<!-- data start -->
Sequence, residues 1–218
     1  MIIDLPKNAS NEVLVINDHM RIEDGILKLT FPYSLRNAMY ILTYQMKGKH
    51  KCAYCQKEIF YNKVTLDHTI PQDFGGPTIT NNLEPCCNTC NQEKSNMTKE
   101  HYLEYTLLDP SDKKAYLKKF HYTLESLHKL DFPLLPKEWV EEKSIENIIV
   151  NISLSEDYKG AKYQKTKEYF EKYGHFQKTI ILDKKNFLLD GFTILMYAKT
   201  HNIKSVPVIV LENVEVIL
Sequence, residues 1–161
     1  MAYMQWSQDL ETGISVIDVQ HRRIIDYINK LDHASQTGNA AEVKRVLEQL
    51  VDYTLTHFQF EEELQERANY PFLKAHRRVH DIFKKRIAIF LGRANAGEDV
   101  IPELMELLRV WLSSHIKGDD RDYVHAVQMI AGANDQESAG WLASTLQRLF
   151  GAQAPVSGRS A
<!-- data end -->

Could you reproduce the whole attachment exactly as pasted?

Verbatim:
Sequence, residues 1–218
     1  MIIDLPKNAS NEVLVINDHM RIEDGILKLT FPYSLRNAMY ILTYQMKGKH
    51  KCAYCQKEIF YNKVTLDHTI PQDFGGPTIT NNLEPCCNTC NQEKSNMTKE
   101  HYLEYTLLDP SDKKAYLKKF HYTLESLHKL DFPLLPKEWV EEKSIENIIV
   151  NISLSEDYKG AKYQKTKEYF EKYGHFQKTI ILDKKNFLLD GFTILMYAKT
   201  HNIKSVPVIV LENVEVIL
Sequence, residues 1–161
     1  MAYMQWSQDL ETGISVIDVQ HRRIIDYINK LDHASQTGNA AEVKRVLEQL
    51  VDYTLTHFQF EEELQERANY PFLKAHRRVH DIFKKRIAIF LGRANAGEDV
   101  IPELMELLRV WLSSHIKGDD RDYVHAVQMI AGANDQESAG WLASTLQRLF
   151  GAQAPVSGRS A